PLEASE TELL OTHERS about WServerNews like John has been doing, and tell them they can subscribe to our newsletter here:


And if your company would like to advertise their products or services in WServerNews or consider sponsoring an issue, you can find out more in our MEDIA KIT here:


Is it time to move on and welcome our new Windows 10 overlords?

Finally, several readers emailed us to suggest that it's time for readers to bite the bullet and consider upgrading their Windows 7 machines to Windows 10. For example John, a Senior Analyst and Programmer working in London UK commented:

I've been reading your Windows 10 posts with some amusement: there seem to be an awful lot of people out there who quite strongly don't want Windows 10!

First off, with regard to the comment about domain joined PCs: this is exactly my situation. I was running Windows 8.1 Pro on a domain joined PC and I didn't get the Windows 10 icon. In the end I had to run the upgrade tool. The same happened when release 1511 came out and I eventually ran a manual upgrade again. Although this is a domain joined computer I and my fellow programmers in the IT team have very few settings locked down. I've had a good poke around the registry and policy editor and can see nothing that would prevent me getting those updates so I've had to conclude that it's because it's a domain joined PC -- unless you know different?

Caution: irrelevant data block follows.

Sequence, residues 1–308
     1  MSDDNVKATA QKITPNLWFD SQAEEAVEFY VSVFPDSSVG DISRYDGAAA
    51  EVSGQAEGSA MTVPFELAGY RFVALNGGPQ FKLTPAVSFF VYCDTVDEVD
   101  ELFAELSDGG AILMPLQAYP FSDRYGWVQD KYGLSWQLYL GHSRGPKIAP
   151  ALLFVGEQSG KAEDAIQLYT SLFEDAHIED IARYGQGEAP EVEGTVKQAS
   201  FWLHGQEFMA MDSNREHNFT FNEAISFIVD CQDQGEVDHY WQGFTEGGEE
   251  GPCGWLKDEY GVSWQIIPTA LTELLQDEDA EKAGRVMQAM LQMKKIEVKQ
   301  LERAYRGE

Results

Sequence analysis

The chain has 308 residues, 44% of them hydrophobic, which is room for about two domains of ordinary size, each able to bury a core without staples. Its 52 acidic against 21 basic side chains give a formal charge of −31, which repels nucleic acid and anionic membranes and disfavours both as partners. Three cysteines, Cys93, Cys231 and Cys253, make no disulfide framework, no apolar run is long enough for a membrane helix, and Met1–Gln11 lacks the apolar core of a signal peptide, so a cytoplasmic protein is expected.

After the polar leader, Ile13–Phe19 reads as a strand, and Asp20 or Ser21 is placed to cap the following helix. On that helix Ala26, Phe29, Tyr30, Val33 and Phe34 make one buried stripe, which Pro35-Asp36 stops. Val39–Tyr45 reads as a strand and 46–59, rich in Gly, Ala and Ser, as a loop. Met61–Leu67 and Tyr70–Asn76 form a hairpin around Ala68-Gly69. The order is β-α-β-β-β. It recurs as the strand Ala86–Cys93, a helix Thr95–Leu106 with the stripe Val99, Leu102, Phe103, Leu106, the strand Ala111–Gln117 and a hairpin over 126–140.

Secondly, for those who are sticking with Windows 7: I really would urge you all to seriously consider upgrading. For many there will be good reason for holding off but for many others there just seems to be an antipathy towards Windows 10 that doesn't really make sense to me. It's faster in every respect, runs practically everything that ran on Windows 7 but, more significantly, it's a lot more secure. If you really want your old start menu back there are packages out there that will give it to you, such as Start10 from Stardock. Personally I fell the old Start Menu had long since ceased to be useful due to the sheer quantity of software that gets installed on modern computers and I welcomed even the annoying Windows 8 start screen with some relief. So for those who are reluctant lose the start menu can I suggest taking a while to get familiar with the new start screen and how to organize it: I think you'll find it worthwhile.